Functions Of The State – Government

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Functions Of The State

The State
The State

When we speak of the State, we may be talking of it as one of the institutions of the society. it is the arena for the exercise of power in the society.

This does not mean that other societal institutions such as the family, religion, economy and the school do not exercise power

They do exercise power and also provide an ideology, which sustains or challenging the dominance of permanence of the State. The supremacy of the state to other institutions of society is, however, indisputable.

In the world of Miliband, the state refers to a number of particular institutions which together constitute its reality, and which interact as part of what may be called the state system.

The major institutions of the state include government, political parties, the military, and electoral commission. In concurring with this view, Ken Post opines that the state is a group of institutions (apparatuses), which regulate and direct the common affairs of the society by providing a structure within which policies can be made and executed.

Some of these institutions are, in some way, biased towards the ruling class.

The state is, obviously, not an entity that does things as many students tend to believe. Only people can do things. The people who do things in the state are the politicians and bureaucrats.

These people who gain access to the state apparatus and claim to work on its behave tend to control the state and its resources and use them to formulate policies that appear to favour some groups either directly or indirectly.

As such the state cannot be no to an autonomous. This partly explains why the state or its principal-agent, the government, does not somewhat work in the interest of the ordinary people.

Major Functions of Modern State

The state and the government, for obvious reasons, perform similar functions. The major functions of the state are as follows:

  • Maintenance Of Law And Order

It is the duty of a state to maintain law and order within its territory. The existence of a state can hardly be justified if it fails to maintain law and order within its territory. A state which cannot perform this basic function is known as a failed state. As said, the state may use the police for internal security and the military to ward off external attack.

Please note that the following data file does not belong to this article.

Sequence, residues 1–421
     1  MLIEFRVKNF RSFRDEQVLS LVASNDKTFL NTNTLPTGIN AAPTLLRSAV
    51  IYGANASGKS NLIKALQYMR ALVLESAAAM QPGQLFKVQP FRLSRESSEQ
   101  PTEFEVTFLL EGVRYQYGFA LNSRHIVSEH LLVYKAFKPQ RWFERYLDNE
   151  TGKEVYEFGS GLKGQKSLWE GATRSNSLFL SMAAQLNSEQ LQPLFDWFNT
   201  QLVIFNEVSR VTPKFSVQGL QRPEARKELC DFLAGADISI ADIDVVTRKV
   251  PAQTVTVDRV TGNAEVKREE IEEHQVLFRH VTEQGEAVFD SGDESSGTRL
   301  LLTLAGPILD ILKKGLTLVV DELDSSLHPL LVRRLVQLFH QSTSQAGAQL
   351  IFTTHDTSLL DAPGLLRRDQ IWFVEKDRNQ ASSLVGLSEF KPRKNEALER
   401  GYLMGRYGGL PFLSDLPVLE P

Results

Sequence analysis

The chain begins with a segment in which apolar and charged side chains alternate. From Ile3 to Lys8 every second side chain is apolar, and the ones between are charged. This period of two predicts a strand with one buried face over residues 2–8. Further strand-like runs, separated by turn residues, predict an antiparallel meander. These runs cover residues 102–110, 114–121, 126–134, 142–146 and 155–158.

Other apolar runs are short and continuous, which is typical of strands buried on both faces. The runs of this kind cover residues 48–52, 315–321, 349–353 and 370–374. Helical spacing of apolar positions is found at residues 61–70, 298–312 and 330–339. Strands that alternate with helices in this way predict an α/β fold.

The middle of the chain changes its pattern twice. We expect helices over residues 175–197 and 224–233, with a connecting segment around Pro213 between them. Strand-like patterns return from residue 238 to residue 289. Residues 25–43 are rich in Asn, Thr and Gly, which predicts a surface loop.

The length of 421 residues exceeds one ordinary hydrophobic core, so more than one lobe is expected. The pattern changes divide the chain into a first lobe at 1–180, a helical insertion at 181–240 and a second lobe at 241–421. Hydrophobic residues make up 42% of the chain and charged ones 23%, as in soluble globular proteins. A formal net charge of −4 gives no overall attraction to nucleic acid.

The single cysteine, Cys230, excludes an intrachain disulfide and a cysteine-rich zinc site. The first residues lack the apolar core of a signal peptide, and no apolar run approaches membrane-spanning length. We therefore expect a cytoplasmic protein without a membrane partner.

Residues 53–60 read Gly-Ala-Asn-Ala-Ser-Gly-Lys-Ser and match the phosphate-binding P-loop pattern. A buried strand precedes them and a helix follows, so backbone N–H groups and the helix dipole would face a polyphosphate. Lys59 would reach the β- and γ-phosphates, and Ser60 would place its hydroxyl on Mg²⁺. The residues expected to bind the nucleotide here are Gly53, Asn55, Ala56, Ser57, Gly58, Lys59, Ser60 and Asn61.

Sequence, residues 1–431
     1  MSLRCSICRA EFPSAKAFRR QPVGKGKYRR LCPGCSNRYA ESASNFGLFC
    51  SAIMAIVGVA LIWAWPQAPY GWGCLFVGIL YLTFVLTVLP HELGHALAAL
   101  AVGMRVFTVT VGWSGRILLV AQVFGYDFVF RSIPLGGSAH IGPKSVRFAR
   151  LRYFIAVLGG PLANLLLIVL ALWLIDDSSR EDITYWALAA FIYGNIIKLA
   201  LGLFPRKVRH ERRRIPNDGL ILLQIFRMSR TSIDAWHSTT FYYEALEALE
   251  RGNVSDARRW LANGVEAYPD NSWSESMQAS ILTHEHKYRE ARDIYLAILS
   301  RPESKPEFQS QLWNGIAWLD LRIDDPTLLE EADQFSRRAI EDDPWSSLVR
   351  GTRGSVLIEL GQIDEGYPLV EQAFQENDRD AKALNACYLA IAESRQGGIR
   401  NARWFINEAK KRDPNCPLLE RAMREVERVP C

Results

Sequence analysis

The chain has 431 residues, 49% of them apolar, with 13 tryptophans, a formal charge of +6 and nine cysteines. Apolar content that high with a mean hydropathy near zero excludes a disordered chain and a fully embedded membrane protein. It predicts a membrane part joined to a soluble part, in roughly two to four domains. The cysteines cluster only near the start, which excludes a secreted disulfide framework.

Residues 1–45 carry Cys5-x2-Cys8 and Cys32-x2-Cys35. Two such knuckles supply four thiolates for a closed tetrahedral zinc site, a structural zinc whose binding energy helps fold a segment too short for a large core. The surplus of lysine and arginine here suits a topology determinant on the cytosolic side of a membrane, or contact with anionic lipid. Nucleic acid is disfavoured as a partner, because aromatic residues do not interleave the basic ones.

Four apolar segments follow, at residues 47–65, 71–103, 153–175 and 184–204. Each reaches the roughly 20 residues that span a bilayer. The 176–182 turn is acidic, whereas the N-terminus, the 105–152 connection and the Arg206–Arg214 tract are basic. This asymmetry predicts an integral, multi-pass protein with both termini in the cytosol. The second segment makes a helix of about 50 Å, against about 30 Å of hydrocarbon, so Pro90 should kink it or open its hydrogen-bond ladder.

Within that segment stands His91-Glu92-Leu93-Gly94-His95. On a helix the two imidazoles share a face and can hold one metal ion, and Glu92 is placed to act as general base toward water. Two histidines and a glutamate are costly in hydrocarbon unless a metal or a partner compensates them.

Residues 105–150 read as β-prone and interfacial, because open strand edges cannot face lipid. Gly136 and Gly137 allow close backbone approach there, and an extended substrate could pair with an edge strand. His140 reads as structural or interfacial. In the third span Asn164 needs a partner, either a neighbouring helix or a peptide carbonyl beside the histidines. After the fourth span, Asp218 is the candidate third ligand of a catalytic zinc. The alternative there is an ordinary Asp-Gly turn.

• Promotion Of General Welfare

The state has a responsibility to provide social amenities and infrastructures (e.g. water, electricity, roads, etc.), which enhance the welfare of the people. These things are of common interest to the people and private individuals may be unable to provide them either because of the huge capital involved or their unprofitability.

  • Promotion Of Individual Welfare

The state provides the most favourable conditions for individuals to realize their personal goals and objectives. For example, the protection of civil rights and liberties, the security of life and property, the provision of free education for the less privileged and the encouragement of effective participation in government may encourage an individual to maximize his potentials.

  • Promotion Of Morality

It is the duty of the state to promote high moral standards among the citizens. It may achieve this goal in several ways: first – by encouraging regular religious devotion in schools; second – by making compulsory the teaching of religious studies, citizenship education and civics at all levels of the education system; third – by ensuring a just and equitable distribution of wealth in the society and fourth – by re-ordering or re-arranging the values of the overall society.

A situation in which a few live in affluence and the majority wallow in abject poverty is not only unjust but morally wrong.

Relationship Between The State And Government

There is a good relationship between the state and government as demonstrated in the following:

  1. The government is only one of the institutions of the state though it is the most important state institution as it coordinates and integrates the other institutions.
  2. Government predates the state. In fact, the state is a creation of government. The state is created because the government wants to maintain its monopoly of the use of physical violence in a territory.
  3. The control of the state apparatus (including the military and the electoral commission) begins with the capture of government. This partly explains the claim that it is difficult to defeat an incumbent government in an electoral contest in developing countries.
  4. Government may change but the state is more or less permanent. The state is an enduring and long-lasting institution whereas the government has a relatively short life span. There have, for example, been several governments in Nigeria since her achievement of independent in 1960 but the Nigerian nation-state remains unchanged.
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